Cats and kittens from Florida arrive at OHS to make room for pets affected by Hurricane Michael
When Hurricane Michael roared through the Florida Panhandle, Pensacola barely escaped the storm’s wrath. However, nearby Panama City and Mexico Beach suffered catastrophic damage. As rescue and recovery began, the plight of the animals became clear. Innovative solutions would be necessary to save lives, care for animals and help pet-owners in need.
A national effort began to empty nearby Florida shelters that were not impacted by Hurricane Michael, but were close enough to assist pets and people. The Oregon Humane Society was asked to help. “How many cats and kittens can you take?” was the question posed to OHS by the team from the Humane Society of United States, who was leading the transport effort on the ground in Florida. The OHS team met to determine the best way to help as many pets as possible. The decision was made to set up the off-site rescue center to temporarily house the cats and kittens and gradually move them to the main shelter for adoption. This plan would also allow OHS to continue to receive the regularly scheduled transports of cats and kittens from current shelter partners.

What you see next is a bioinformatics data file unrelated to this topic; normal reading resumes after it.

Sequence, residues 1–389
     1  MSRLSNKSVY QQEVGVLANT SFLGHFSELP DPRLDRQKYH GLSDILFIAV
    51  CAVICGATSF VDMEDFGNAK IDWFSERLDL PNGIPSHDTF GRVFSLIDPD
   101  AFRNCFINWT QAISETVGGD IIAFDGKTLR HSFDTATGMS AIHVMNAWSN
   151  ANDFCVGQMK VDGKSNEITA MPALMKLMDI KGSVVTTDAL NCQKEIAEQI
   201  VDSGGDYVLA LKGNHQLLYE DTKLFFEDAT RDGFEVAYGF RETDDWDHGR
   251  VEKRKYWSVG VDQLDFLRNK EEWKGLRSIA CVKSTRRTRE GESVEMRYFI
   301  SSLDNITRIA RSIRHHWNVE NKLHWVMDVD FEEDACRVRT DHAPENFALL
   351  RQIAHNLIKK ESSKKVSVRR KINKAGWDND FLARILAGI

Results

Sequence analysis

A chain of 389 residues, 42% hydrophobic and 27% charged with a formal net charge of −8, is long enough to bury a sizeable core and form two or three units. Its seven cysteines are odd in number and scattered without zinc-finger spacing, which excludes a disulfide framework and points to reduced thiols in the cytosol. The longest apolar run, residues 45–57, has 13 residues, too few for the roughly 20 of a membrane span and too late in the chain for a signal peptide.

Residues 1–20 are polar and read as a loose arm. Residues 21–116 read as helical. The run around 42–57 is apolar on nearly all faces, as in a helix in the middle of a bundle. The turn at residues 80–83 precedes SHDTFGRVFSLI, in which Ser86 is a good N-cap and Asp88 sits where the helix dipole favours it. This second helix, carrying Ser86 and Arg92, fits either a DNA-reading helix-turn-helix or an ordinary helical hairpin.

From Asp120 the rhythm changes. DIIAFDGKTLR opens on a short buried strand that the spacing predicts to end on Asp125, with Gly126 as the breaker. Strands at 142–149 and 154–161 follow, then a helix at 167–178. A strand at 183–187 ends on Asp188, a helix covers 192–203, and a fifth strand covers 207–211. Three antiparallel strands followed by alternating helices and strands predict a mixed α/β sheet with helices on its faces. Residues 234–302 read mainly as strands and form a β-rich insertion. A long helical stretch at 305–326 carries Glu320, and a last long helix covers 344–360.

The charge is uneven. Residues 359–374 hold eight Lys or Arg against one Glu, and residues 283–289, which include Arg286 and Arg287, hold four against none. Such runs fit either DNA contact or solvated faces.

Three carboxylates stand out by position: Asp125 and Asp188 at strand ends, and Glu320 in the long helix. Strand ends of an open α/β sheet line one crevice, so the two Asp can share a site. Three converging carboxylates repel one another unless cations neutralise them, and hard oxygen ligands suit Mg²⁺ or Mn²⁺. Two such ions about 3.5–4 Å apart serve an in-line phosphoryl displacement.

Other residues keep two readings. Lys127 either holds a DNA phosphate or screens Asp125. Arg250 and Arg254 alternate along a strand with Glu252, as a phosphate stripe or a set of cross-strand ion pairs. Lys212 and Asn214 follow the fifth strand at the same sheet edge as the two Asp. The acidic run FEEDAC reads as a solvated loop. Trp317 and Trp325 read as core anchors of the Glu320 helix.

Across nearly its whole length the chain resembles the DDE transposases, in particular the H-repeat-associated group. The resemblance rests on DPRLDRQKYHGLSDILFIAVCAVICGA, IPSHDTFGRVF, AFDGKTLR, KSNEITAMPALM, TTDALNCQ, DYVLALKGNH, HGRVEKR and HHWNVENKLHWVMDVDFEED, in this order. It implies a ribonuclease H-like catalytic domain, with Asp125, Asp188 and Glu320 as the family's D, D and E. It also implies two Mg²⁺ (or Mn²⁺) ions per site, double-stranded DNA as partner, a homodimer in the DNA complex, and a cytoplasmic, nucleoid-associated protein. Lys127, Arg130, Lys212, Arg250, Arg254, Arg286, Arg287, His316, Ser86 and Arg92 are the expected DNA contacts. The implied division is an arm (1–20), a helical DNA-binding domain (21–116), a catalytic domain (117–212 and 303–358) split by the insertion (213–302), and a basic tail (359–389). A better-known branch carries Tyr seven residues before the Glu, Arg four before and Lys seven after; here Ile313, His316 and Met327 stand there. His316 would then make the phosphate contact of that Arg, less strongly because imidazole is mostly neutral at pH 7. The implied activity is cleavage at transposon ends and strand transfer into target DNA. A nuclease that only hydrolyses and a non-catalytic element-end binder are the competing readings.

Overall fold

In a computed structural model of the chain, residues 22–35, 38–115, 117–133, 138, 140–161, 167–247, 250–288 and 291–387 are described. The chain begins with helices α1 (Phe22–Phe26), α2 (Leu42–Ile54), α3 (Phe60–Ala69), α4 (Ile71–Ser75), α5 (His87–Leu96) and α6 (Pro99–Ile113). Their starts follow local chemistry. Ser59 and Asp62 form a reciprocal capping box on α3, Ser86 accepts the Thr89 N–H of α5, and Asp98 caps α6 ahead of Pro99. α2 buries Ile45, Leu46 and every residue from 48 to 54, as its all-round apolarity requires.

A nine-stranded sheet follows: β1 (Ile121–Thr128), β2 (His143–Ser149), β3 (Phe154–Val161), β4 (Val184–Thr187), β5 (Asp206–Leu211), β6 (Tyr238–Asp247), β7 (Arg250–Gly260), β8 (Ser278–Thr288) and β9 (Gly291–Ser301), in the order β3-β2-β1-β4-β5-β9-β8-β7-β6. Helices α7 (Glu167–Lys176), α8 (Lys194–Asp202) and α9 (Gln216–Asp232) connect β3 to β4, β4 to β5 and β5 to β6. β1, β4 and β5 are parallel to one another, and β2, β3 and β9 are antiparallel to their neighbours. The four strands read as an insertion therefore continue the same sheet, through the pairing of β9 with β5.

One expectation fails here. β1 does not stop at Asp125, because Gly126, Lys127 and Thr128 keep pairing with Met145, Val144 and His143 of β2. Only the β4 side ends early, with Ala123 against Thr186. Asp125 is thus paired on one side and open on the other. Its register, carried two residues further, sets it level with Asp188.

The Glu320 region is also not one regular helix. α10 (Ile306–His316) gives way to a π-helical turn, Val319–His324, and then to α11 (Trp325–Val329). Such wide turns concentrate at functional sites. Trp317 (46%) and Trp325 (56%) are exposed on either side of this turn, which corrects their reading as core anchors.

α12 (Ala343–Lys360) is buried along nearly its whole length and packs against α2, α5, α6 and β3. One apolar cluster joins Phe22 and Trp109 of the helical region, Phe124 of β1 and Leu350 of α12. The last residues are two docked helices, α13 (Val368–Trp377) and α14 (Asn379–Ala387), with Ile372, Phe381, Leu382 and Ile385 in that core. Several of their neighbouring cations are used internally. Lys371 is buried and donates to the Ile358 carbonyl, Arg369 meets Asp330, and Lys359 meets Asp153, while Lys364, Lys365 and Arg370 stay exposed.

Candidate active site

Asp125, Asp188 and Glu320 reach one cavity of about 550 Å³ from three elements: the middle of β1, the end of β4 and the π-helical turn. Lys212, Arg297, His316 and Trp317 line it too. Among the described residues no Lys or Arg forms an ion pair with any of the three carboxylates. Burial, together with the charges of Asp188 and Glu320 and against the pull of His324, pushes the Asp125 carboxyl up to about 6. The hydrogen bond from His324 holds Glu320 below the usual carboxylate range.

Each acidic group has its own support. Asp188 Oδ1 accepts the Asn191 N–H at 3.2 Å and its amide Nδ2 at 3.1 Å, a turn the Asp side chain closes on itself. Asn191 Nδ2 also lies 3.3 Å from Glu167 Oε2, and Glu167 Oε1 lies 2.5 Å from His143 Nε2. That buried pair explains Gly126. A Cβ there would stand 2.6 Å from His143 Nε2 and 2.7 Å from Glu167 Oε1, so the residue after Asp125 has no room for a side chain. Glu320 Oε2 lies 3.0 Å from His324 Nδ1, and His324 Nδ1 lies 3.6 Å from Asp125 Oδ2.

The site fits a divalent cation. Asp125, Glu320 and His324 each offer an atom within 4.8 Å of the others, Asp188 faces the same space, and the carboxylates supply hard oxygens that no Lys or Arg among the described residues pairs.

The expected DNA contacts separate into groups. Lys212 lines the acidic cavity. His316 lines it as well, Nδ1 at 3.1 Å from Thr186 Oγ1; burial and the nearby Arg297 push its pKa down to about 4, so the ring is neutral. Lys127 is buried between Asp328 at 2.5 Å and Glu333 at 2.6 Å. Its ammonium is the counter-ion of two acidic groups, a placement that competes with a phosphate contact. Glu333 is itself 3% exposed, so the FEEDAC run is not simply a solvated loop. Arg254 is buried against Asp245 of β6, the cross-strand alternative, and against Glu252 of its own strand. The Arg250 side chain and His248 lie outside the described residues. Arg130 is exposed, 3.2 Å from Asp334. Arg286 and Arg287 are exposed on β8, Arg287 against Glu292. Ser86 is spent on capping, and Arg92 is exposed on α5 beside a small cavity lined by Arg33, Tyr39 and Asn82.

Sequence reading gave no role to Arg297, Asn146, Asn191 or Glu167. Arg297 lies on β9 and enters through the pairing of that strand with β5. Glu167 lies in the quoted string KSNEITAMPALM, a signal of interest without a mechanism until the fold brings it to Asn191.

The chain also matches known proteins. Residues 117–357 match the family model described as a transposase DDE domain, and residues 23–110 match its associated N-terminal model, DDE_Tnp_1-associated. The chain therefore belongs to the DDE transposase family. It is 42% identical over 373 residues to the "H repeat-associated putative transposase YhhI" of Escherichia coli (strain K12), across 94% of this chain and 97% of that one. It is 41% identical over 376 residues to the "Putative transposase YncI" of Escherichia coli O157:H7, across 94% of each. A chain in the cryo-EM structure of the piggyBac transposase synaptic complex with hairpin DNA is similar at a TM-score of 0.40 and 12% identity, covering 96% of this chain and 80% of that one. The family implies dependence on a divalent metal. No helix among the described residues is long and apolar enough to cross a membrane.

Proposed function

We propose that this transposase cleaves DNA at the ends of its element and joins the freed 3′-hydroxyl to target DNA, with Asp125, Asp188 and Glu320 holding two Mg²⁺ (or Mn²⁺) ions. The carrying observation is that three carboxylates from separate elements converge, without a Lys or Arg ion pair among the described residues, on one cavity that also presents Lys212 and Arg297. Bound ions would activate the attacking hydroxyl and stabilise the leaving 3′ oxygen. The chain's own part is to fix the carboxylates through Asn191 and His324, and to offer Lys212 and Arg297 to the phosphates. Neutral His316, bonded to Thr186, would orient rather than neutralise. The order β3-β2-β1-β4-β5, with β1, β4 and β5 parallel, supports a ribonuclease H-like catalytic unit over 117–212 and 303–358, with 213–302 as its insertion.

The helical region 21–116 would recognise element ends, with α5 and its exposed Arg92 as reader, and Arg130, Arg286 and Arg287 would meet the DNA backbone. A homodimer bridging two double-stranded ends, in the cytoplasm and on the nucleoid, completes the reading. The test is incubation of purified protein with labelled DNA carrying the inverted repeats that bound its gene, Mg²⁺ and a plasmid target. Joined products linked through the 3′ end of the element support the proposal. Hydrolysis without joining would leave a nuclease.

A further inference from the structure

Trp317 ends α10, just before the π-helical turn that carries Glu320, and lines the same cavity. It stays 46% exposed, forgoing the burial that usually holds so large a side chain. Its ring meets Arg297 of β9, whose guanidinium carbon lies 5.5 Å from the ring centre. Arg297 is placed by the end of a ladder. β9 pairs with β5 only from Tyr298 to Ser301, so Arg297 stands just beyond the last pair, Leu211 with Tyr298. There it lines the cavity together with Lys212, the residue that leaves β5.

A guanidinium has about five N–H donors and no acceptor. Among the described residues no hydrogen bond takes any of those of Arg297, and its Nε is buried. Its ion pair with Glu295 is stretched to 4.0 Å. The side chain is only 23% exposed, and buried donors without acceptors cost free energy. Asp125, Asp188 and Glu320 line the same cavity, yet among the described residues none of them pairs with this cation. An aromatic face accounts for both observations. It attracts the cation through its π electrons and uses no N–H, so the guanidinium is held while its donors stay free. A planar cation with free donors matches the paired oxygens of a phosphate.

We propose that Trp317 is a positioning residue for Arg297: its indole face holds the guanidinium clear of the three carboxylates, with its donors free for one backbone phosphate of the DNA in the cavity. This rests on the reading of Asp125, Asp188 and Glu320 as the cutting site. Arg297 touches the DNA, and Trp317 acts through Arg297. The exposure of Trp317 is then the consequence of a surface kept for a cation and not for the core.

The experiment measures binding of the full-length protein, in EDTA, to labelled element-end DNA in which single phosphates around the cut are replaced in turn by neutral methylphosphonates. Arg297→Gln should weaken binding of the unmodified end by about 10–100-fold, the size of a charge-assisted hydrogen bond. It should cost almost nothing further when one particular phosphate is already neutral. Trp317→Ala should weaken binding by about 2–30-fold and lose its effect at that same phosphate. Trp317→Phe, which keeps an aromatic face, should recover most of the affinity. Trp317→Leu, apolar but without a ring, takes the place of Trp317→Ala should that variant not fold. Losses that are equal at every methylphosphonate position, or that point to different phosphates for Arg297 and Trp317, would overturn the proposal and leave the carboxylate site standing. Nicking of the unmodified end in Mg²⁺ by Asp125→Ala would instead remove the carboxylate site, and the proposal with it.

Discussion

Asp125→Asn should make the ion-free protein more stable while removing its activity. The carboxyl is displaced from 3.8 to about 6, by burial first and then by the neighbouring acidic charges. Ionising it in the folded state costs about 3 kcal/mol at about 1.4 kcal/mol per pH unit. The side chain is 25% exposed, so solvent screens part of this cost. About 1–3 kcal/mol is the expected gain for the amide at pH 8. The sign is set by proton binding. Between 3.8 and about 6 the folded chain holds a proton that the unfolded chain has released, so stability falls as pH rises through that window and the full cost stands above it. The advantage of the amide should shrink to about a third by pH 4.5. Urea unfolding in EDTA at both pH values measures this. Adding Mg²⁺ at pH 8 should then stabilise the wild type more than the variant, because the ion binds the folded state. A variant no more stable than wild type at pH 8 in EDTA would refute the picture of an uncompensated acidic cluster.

The plan was put in motion and the off-site rescue center was transformed into a kitty wonderland; large dog kennels were morphed into cat colony rooms and wire dog crates became comfy kitty condos. Once the arrival date and time was set, staff and volunteers mobilized and prepared for the largest single intake of cats and kittens in OHS history. Close to 100 cats and kittens were coming to OHS from Escambia County Animals Services in Pensacola, Florida. In total close to 200 pets were moving to the Northwest, freeing up local resources in Pensacola to assist neighboring areas. The Portland community was also asked to help by adopting a cat or kitten from OHS’s main shelter or donating canned cat food.
The flight from Florida was long and the noise on the tarmac was deafening. However, the resilient felines were eager to say hello as they were being unloaded. Their paws reached out from their kennels and their meows became audible as they were moved in to the OHS transport vehicle.
Once the cats and kittens arrived at OHS’s off-site facility, the team checked them in and got them settled into their new home. One team member remarked that there was a kitty symphony of meows and purrs echoing through the facility. Perhaps it was the sound of gratitude, or the gentle reassurance that during the worst disasters there are always glimmers of hope.